The approved research does not have reproductive or therapeutic goals for the embryo. Therefore, the use of human embryos is unnecessary for this investigation. Not only will this research not have any positive effects on the used embryo; it will also lead to the destruction of the embryo seven days after its generation.
“Destroying the embryo goes against the most basic ethical principles, since it is a human life”, says Nicolas Jouve, Professor Emeritus of genetics and President of CiViCa, a ONE OF US Federation’s member entity. He goes on to explain that “the fact that they are fertilized in vitro does not alter their human nature. They are not even technically called ‘pre-embryos’, but what they really are: ’embryos’ in their early stages of development.”
According to Monica Lopez Barahona, Head of the Department of Bioethics at Jérôme Lejeune Foundation, “HFEA-authorized investigations are not ethically acceptable, because they use human embryos as a means and not as an end, opening a door to genetic modification of human embryos.”
ONE OF US European Federation regrets that even after two million European citizens from across the continent signed a petition to curb research that would destroy human embryos, the United Kingdom authorized genetically modifying human embryos using the CRISPR/Cas9 system.
Authorization by the UK Human Fertilisation and Embryology Authority’s (HFEA) was given on last February 1. It is the first approval from a national regulatory body on this kind of research in the world. ONE OF US rejects HFEA’s authorization to use the CRISPR/Cas9 technique on human embryos for research, because it implies the creation of in vitro embryos, which are genetically manipulated by modifying certain genes’ genome and then destroying them to reach the blastocyst stage. This highlights the lack of protection of human embryos that are created in such labs.
ONE OF US Federation notes that approved research does not pursue reproductive or therapeutic goals for the embryo but merely seeks to study the genes involved in the early stages of embryonic development. Consequently, this research is not only harmful to the embryo, but it also implies its destruction seven days after the experience.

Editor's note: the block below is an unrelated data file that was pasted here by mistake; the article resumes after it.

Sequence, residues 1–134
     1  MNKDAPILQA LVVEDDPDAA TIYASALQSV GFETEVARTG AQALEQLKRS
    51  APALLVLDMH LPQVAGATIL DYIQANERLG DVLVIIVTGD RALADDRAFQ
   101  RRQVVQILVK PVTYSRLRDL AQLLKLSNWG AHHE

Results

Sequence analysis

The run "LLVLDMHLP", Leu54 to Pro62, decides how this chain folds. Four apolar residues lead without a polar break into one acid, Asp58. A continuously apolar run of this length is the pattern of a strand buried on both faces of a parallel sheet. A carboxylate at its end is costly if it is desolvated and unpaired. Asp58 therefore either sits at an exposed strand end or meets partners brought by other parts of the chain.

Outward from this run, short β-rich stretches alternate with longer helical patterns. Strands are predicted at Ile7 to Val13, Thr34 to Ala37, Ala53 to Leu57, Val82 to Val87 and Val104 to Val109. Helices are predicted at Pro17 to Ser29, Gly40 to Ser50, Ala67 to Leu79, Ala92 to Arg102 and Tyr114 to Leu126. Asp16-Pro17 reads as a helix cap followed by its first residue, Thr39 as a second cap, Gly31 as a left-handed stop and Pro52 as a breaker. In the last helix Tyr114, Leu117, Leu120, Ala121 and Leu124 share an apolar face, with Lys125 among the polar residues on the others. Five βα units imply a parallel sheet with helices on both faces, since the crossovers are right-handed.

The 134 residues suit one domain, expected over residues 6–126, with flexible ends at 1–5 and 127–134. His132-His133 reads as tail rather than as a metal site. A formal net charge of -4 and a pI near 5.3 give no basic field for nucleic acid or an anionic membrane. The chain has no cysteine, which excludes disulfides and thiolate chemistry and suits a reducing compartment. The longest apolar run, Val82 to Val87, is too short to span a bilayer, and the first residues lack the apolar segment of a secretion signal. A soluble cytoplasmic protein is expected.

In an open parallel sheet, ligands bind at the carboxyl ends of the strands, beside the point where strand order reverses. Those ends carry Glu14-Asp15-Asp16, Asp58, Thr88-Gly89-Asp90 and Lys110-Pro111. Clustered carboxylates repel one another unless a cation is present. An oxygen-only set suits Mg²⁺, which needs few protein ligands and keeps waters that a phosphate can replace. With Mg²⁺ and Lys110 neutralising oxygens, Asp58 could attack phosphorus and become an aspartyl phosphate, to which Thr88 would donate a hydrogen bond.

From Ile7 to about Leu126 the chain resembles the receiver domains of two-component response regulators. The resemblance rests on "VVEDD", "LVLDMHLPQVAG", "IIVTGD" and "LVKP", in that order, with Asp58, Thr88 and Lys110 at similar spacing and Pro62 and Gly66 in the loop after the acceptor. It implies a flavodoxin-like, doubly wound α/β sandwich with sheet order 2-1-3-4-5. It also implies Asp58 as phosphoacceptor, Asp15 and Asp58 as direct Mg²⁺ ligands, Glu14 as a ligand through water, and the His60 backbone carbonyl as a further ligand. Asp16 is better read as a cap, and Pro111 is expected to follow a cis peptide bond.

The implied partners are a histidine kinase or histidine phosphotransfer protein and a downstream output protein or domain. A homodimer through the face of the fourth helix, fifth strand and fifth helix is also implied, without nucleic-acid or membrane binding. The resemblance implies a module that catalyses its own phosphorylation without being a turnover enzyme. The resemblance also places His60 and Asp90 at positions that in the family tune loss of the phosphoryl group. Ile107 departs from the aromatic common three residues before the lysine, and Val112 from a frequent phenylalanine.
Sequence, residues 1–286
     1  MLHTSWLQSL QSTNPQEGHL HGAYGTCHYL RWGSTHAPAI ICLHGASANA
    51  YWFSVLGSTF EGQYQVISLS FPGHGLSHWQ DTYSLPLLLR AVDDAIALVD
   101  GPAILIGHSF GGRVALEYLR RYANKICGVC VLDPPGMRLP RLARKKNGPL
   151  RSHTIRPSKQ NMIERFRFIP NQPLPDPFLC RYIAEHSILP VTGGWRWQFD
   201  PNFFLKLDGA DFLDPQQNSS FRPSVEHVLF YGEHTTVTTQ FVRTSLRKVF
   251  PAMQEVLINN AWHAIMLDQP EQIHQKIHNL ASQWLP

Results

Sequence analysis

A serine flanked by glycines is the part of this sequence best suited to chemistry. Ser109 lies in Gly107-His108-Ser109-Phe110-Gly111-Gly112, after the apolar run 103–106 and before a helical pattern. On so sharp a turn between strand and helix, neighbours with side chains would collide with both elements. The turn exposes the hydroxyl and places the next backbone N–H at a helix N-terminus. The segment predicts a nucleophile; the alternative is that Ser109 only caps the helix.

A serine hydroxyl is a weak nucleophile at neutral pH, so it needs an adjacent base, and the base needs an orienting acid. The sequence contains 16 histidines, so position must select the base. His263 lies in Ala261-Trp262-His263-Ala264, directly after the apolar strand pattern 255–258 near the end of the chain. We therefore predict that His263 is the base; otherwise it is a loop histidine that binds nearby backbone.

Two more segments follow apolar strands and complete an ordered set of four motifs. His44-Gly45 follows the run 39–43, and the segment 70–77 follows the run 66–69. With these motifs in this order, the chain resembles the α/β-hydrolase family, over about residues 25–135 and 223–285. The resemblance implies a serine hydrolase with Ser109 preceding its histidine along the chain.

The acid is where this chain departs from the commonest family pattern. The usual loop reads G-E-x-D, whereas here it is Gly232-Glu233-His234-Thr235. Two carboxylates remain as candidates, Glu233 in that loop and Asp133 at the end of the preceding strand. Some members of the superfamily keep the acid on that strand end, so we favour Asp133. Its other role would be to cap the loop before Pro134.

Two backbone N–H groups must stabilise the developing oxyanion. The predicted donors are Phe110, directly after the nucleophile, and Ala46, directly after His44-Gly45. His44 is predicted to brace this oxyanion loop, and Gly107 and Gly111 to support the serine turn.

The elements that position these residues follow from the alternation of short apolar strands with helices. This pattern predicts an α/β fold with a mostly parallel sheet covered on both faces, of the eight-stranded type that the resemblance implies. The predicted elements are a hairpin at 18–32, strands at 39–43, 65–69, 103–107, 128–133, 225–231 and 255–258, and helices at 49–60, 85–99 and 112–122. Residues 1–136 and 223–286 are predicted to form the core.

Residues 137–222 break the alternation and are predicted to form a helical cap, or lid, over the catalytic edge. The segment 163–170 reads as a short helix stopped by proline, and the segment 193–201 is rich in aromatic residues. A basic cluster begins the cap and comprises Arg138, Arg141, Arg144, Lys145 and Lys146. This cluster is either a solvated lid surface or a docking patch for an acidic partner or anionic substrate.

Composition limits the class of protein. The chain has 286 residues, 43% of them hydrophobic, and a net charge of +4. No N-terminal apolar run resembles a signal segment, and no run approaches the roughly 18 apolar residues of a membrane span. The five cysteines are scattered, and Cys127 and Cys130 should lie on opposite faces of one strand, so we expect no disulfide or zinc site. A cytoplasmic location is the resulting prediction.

For Monica Lopez Barahona, Head of the Department of Bioethics at Jérôme Lejeune and President of the Jerome Lejeune Foundation in Spain, “HFEA-authorized investigations are not ethically acceptable, because they use human embryos as a means and not as an end, opening the door to genetic issuance of human embryos and allowing the destruction of human embryos after seven days of fertilization.”
Moreover, for Prof. Nicolas Jouve, Professor Emeritus of Genetics and President of CiViCa, ONE OF US Federation’s entity-member, “this decision can be described as unnecessary, hasty and unethical.” Jouve goes on to explain: “they are going to use human embryos with the premise that they will be destroyed after the release of genes and appropriate conclusions about the effects have been made. The destruction of embryos is contrary to the most elementary ethical principles. This is because they are human lives. The fact that they come from in vitro fertilization does not alter their human nature. They are not even technically called ‘pre-embryos’, but what they really are: ’embryos’ in their early stages of development.”
Nicolas Jouve also details that “CRISPR/Cas9 technology is still vague. It is not guaranteed that it can be safely used to modify (edit and correct) human genes. It is probably for this reason that researchers set out to destroy the manipulated embryos. The precedent set by some Chinese researchers in the summer of 2015 caused great controversy precisely because of the hasty use of this technique on embryos that had not yet developed a germ line. That is, if these embryos go ahead in their development they could be adversely affected in a particular gene or regulatory system for gene expression, with negative consequences not so much for the adult individual that will develop from them, but for its descendants in future generations. This is why it is banned in most developed countries, including Spain: because of its adverse consequences to future generations. “
Thus, the European Federation ONE OF US rejects any form of research involving the destruction of human embryos for violating the dignity of the person. We hope that the EU will listen to the voice of those two million people who asked the European Parliament -in 2012 by signing the ECI One Of US- to end the funding of activities involving the destruction of human embryos, particularly in the areas of research, development aid and public health.
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The ONE OF US European Federation for Life and Human Dignity is an international non-profit, non-political and non-denominational Federation legally registered under Belgian law. To date it is composed by 28 national and local member entities who participated in the collect of signatures during the One of Us European Citizens Initiative and provide care, counsel and advocacy free services to all throughout Europe.